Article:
India's wristspinners Kuldeep Yadav and Yuzvendra Chahal could both find a place in the Test squad, according to Virat Kohli, following their success in the limited-overs games against England. India are set to pick their team for the five-Test series in England in the next few days.
"There might be a few surprises in there," Kohli told Sky Sports after India won the first ODI at Trent Bridge, when asked by Mike Atherton whether Kuldeep had done enough to play the Tests. "Anything is possible because we still have a few days to pick the Test side. Yeah, look, he is making a strong case for himself. So is Chahal. Both of them together are pretty lethal for us. Looking at the English batsmen struggling against them we might be tempted to do that."
Kuldeep's case is particularly compelling, having taken a five-for in the T20I series and a six-for in the first ODI, on his maiden tour of England. He has played two Tests so far and taken nine wickets at an average of 20.77. Chahal has only featured in limited-overs cricket for India and has played 27 first-class matches for Haryana. He has 70 wickets at an average of 33.90 with two five-fors.
The fingerspinners R Ashwin and Ravindra Jadeja have been India's regular spinners in Test cricket in recent years, but they have lost their place in the limited-overs teams and now face a challenge from the two wristspinners. Although the BCCI has not revealed a date for the Test selection, it is understood the squad will be picked in the next few days. MSK Prasad, the chief selector, joined the Indian squad in Nottingham this week and it's likely the Indian think-tank will consult the India A coach Rahul Dravid before the squad is announced. Dravid is currently with India A, who are playing West Indies A in the UK.
India have so far lost just one match on this tour, which began with two T20Is in Ireland. Before leaving India, Kohli had said his wristspinners would be his primary weapon, especially in the middle overs of ODIs.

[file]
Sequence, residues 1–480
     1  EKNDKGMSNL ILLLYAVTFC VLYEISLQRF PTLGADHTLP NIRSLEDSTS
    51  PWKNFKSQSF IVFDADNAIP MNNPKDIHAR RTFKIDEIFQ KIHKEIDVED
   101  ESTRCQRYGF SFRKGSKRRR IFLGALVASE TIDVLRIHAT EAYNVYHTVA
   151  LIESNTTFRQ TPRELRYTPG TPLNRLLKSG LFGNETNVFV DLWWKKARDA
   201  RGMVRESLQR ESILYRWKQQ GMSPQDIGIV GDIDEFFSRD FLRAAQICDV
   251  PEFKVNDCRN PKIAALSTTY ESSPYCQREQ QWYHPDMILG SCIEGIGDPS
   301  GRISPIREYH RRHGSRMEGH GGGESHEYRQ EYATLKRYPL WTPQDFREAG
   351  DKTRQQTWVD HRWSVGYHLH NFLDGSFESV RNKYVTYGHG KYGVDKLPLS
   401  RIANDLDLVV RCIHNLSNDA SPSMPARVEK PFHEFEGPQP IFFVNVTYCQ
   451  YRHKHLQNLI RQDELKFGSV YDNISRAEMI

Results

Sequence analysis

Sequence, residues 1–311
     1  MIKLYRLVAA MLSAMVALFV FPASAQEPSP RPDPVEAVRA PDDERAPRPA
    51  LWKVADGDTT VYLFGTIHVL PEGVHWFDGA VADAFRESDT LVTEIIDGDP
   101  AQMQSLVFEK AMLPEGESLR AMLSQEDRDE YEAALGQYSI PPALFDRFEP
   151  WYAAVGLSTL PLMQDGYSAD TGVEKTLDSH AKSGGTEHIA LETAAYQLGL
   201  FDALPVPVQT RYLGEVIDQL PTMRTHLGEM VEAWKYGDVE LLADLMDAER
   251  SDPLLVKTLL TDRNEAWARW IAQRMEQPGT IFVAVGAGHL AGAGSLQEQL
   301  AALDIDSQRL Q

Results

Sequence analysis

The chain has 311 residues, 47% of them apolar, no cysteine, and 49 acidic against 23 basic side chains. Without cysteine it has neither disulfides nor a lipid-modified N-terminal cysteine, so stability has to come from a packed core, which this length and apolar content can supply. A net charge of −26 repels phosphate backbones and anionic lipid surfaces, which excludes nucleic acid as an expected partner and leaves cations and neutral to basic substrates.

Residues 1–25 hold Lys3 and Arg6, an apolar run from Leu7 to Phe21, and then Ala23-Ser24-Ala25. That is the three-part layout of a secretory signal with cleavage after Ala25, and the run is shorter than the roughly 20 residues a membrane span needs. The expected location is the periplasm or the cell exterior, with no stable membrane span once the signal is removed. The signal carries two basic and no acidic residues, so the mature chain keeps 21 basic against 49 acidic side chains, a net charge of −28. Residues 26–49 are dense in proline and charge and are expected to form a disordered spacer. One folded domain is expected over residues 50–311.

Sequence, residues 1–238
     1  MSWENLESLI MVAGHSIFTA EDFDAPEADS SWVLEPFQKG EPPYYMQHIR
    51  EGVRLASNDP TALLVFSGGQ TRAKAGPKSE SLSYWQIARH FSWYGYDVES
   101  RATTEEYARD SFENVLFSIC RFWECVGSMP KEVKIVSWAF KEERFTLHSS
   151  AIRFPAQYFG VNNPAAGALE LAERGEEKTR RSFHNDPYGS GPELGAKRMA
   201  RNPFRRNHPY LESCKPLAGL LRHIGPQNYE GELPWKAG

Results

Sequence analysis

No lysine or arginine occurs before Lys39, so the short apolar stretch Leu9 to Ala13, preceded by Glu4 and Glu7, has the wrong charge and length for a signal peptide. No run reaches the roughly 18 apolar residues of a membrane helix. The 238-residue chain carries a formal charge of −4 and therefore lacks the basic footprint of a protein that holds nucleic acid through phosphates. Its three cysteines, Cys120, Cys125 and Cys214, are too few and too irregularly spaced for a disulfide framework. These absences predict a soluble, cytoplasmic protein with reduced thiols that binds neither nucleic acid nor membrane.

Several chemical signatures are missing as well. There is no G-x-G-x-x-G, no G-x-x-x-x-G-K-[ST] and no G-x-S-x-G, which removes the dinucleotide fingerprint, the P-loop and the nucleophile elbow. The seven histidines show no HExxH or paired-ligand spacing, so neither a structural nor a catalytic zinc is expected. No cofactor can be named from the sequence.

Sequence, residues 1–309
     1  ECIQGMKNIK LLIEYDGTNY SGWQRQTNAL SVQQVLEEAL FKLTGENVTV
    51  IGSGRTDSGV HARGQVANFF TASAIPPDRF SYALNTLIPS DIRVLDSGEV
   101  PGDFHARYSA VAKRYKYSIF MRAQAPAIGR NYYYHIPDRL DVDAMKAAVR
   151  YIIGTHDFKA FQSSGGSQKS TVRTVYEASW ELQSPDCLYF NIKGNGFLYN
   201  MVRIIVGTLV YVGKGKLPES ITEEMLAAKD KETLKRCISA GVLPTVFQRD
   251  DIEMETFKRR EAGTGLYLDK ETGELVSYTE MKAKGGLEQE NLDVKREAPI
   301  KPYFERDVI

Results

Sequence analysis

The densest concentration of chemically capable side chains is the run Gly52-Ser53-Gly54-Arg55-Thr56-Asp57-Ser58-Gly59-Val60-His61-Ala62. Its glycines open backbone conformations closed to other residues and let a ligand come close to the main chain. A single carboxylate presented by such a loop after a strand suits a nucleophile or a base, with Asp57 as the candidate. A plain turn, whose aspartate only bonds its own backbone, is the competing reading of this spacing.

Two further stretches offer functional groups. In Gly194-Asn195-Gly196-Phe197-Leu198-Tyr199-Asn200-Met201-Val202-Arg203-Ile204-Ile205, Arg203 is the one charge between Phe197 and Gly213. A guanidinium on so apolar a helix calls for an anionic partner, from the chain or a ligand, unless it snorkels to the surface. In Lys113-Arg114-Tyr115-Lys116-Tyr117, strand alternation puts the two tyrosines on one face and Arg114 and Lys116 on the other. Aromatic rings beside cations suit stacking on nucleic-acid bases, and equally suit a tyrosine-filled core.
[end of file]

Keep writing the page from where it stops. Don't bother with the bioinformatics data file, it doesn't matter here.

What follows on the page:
"When given more overs and more time they become even more lethal when guys are not going hard against them for 4 overs," Kohli had said. "When they have 10 overs and they have something to play with to come back into the game, they know they have the skill to make an impact."
Kohli summed up the victory in Nottingham as "clinical" and gave credit to Kuldeep, whose 6 for 25 were the best figures for a left-arm wristspinner in ODIs. "Tonight Kuldeep was outstanding. To give away 25 runs on that sort of a pitch and picking up 6 wickets in the first innings with two hard balls was an outstanding spell," Kohli said. "I don't think I have seen a better ODI spell for a while."
But why had Kuldeep been dropped for the Bristol T20I? Kohli said that was a "tactical" decision keeping in mind the breeze blowing towards the shorter boundary. "We want him confident because we know he can be a matchwinner. And T20 cricket is such a short game that anyone can make an impact and win you games, but when it comes to longer games we need players who can really make an impact, because in 50-overs cricket if you don't get wickets in the middle overs it is going to be really difficult."
Kuldeep and Chahal had already proved their worth in South Africa, where India won the ODI series 5-1 - 28 of the 33 wickets they had taken there had come in the middle overs. So far in England, Kuldeep has 18 wickets from 24.3 overs at an economy rate of 4.89 and an average of 6.66. Chahal has got 8 wickets from 30 overs at an economy rate of 6.73 and an average of 25.25.
There is also a stark difference in the impact Kuldeep has made in the middle overs against England, who have played Chahal more confidently. Kuldeep has given just 59 runs off 69 balls at an economy rate of 5.13, while Chahal has gone for 132 runs off 198 balls at an economy rate of 7.33.
"These two remain a strength for us in the middle overs," Kohli said. "We got to make sure we keep them strong, keep them confident and put in these kind of performances regularly. These two guys since they have come into the team they have been the difference for us. They remain a huge weapon for us."